NUMBERS of British troops in Afghanistan could soon be nearly doubled after pressure from US president Donald Trump.
Defence Secretary Gavin Williamson is said to have written to the prime minister recommending the increase, although a decision is yet to be made.
According to reports, between 400 to 450 soldiers could be sent to the country to join the roughly 600 already deployed in non-combat roles following pressure from Mr Trump.
Nato has also reportedly asked Britain to send more troops to the country.
The US has increased its presence in Afghanistan since Mr Trump unveiled his South Asia strategy in August last year.
Around 4,000 troops are thought to have been added to the 8,400-strong US deployment in the country, to bolster the Kabul government, train Afghan forces and fight the Taliban and other militant groups.
The military uplift is intended to prevent a Taliban takeover of the country, target Islamic State and al Qaida.
On Thursday, US State Department spokeswoman Heather Nauert said secretary of state Mike Pompeo had ‘reinforced our enduring investment in Afghanistan’ in a conversation with the country’s president Ashraf Ghani.
The UK’s combat operations ended in 2014 and the remaining personnel are limited to training Afghan forces.
It had been thought unlikely that the UK would increase its presence in the country.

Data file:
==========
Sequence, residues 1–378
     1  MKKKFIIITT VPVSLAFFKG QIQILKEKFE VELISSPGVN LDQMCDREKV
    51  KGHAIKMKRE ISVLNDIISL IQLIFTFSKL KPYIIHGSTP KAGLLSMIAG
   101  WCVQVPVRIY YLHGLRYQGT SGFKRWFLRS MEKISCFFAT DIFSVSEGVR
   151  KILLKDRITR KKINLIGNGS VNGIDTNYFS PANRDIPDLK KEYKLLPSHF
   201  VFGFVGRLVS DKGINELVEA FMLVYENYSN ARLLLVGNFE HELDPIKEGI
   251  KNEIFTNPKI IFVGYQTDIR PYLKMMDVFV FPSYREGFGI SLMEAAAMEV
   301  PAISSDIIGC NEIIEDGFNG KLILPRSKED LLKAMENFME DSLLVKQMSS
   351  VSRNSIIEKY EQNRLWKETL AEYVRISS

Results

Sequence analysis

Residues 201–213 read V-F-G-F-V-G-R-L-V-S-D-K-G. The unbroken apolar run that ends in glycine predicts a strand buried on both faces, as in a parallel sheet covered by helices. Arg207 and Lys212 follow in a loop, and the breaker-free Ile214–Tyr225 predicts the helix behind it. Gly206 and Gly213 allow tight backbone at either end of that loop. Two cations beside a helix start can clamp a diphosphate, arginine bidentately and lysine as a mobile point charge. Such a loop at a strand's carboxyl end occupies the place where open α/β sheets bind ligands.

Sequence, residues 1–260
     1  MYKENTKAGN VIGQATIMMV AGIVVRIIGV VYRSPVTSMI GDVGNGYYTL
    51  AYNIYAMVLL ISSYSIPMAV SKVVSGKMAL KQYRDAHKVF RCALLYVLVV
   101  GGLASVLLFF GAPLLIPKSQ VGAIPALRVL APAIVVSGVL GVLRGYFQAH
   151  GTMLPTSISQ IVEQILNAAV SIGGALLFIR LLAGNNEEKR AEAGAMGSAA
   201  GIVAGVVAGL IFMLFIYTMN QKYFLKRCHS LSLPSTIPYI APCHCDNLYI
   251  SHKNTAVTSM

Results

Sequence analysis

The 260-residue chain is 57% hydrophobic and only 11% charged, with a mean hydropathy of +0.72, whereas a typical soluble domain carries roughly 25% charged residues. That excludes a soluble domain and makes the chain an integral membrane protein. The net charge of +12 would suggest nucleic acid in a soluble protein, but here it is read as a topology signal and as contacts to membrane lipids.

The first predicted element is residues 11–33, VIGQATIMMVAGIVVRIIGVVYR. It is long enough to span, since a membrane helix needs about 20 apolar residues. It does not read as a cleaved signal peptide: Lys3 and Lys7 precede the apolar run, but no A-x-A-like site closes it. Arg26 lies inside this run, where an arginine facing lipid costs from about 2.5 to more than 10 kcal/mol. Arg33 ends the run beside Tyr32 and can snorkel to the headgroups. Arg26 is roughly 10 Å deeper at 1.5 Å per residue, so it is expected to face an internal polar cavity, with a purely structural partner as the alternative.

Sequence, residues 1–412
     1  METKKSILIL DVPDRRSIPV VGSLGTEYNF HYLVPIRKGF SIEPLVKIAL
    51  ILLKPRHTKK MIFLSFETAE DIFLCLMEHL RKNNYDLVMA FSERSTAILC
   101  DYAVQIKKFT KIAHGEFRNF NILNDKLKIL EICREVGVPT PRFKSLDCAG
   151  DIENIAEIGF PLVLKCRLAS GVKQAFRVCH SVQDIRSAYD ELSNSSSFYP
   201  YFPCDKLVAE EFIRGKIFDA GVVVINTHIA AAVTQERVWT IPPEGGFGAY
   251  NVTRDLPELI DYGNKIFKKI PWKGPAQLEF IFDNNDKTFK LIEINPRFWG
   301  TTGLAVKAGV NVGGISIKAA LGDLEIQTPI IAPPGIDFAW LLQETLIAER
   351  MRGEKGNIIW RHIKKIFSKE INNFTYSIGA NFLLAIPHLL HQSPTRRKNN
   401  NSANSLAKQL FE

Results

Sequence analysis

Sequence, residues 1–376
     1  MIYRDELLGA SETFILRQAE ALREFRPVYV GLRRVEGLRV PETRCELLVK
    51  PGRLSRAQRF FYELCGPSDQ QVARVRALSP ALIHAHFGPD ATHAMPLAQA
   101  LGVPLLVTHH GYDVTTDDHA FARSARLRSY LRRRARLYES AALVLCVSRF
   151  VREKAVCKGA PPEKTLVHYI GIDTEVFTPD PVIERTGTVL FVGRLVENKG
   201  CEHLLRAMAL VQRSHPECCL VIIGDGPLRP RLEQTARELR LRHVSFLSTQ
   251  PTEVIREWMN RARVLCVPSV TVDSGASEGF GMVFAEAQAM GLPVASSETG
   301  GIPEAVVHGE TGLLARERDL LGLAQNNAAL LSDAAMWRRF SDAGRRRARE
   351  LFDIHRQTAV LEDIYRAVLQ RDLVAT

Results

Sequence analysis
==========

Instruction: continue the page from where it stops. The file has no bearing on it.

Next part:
The reported change in approach is said to come amid concerns over how Mr Trump will approach a coming meeting of Nato leaders.
Mrs May is expected to join the president at the summit in Brussels in July.
Mr Trump has repeatedly called for Nato members to meet their defence spending commitment of 2 per cent of gross domestic product (GDP) and has threatened to walk away from the organisation if his demands are not met.
During a meeting with Mr Trump in Washington on Thursday, Nato general secretary Jens Stoltenberg said all members have increased their spending, in part due to Mr Trump’s approach.
After the talks Mr Stoltenberg said it is ‘very important that we all contribute more to our shared security’.
Earlier UK defence minister Tobias Ellwood suggested that the UK should spend as much on defence as it does on the NHS, which is currently around 9.8 per cent.
The US spends around 3.5 per cent.
He told the Daily Telegraph: ‘The Government often does what people call for. If people call for more money for schools and hospitals, that is often where the money then flows.
‘It is important we raise the profile of the dangers of reducing our defence posture. Once you lose it, you will never get it back.’